So, there’s certain things like, the fundamental is you have a new tool and you shouldn’t use it just as a replacement [for] paper. Still go to the paper rack [and] pull the work order but do the inspection on the tablet seems silly.
In the beginning we were religious in copying paper inspection sheets and turning them into a digital version. Do you remember that?
Bill: Yep.
Uwe: It’s just a digital replacement of the same thing we have been doing for years. And now, looking back, we know it’s completely different. The only thing that just left is do an inspection, show to the motorist as visually as you can what the health situation of their vehicle is.
Bill: And really, as far as technicians go, as soon as they found out that they could have the tablets in the shop, the next request is, how do we look up our information, recalls, TSBs, wiring diagrams and stuff? How do we use a tablet for that? Can we communicate to the front office where we never have to verbally talk to the service advisor again?
So, just having the tool there and then figuring out other things that we could use it for along with the intended purpose originally was to do inspections, and then we said, hey, Uwe, I need the whole repair order on the tablet so we don’t have to have paper anymore. Otherwise, we had to have a paper repair order and we had to have the tablet.
So, these were all things that were part of the innovation as we started out and we’re going to have to continue on in the future as everybody starts adopting our magic of today, and then it’s going to become a fundamental of tomorrow. We’re still going to have to continue to innovate to stay out on that front edge.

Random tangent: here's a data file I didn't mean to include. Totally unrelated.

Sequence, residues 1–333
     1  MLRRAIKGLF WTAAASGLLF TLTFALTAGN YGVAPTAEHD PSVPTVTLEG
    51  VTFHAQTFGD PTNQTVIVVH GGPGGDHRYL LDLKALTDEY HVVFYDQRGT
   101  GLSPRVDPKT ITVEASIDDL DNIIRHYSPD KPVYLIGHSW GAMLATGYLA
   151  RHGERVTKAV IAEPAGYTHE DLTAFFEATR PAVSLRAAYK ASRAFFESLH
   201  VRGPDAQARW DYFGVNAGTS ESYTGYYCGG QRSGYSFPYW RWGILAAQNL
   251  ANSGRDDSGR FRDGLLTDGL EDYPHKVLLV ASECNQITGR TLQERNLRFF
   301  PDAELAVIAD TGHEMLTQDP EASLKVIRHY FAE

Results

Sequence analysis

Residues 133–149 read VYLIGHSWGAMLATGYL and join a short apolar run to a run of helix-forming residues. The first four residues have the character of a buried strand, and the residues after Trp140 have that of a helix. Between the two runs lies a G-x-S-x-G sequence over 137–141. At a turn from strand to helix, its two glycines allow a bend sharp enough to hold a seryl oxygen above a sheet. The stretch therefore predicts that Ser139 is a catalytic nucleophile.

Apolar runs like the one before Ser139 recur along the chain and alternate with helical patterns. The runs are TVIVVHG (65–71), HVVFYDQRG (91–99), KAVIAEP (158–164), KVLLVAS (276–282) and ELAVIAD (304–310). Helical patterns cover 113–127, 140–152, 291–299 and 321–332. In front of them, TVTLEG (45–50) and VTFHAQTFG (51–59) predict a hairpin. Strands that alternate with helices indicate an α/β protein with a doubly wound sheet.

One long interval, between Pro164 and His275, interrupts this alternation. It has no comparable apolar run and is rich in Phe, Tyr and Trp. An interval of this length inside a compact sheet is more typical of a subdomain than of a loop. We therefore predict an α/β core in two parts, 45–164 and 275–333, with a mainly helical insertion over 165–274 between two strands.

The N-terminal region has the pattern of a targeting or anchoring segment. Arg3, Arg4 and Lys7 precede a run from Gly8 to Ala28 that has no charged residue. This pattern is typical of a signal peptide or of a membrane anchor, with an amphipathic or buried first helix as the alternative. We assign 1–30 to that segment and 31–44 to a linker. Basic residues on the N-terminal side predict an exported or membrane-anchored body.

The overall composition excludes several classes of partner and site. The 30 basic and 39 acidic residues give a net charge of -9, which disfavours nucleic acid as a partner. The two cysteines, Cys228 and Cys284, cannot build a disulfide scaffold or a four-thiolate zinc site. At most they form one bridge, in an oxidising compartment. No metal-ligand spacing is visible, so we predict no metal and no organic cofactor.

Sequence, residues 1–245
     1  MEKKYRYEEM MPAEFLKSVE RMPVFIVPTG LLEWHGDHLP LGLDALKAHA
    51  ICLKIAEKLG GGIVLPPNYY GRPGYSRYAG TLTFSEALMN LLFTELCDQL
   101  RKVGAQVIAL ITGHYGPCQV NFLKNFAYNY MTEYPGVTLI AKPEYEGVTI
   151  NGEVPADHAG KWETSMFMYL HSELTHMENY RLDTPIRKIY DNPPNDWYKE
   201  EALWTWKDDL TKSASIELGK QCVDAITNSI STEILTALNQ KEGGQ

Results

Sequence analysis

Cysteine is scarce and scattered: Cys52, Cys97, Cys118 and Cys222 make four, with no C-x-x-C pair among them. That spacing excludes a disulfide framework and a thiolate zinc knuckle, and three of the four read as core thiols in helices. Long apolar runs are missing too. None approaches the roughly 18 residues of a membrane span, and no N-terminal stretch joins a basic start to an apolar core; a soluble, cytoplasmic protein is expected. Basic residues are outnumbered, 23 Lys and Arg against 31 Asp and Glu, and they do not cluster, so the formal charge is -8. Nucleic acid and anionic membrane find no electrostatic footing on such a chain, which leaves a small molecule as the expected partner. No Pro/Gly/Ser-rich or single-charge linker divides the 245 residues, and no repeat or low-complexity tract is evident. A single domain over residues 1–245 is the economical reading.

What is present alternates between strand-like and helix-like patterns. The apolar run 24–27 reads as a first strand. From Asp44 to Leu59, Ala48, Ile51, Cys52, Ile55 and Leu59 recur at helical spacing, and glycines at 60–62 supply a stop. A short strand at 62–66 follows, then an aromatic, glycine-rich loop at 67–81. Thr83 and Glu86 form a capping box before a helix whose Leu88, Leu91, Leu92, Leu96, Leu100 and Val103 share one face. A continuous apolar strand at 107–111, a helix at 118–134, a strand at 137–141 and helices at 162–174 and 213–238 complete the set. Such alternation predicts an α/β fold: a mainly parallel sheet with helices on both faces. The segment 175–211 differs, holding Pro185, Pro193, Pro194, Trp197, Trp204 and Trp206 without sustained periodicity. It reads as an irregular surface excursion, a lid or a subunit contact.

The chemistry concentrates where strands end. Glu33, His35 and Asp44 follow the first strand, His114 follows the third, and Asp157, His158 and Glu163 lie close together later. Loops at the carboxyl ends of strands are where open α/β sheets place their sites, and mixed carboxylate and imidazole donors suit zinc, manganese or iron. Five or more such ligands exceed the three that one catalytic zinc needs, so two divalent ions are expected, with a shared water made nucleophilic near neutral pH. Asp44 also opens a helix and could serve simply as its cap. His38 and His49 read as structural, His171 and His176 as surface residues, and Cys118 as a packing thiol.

Uwe: Right. And back to fundamentals. So, the fundamentals are: use a tablet, have the work order on it, have your links set up so that you can go to whatever it is, all that I mentioned, Identifix, you name it, because it’s nothing else than a browser.
A lot of shops said, buy a tablet? My techs all have a phone. Why can’t they use their cell phone? That’s a good point. It’s just, if you look at the productivity limitations of techs with big fingers trying to get the information, scroll through and navigated on a smaller device seemed kind of eliminating a portion of the benefits of the whole system as a digital one.
Not that we don’t support it on a phone; we do. It’s not a limitation of our tool. It just it seems that, as they say, a penny smart, a dollar foolish, a pound foolish or whatever. If you look at the whole productivity equation, it’s still all about helping the technician to get the most information in the shortest period of time.
So, the fundamental, going back, is, use a tablet, have the work order also on it and all other information. So, what’s the magic? [How] does separating a digital shop, just basically taking the information and turning it digital, [become] a big advantage?
Bill: I know in our shop the first thing was we started getting the inspection done and we started having meetings where we actually got everybody to participate and tell us what they needed on the inspection. So, for example, if they were supposed to inspect a certain topic, what job was normally produced if there was a fail? And then what is the condition?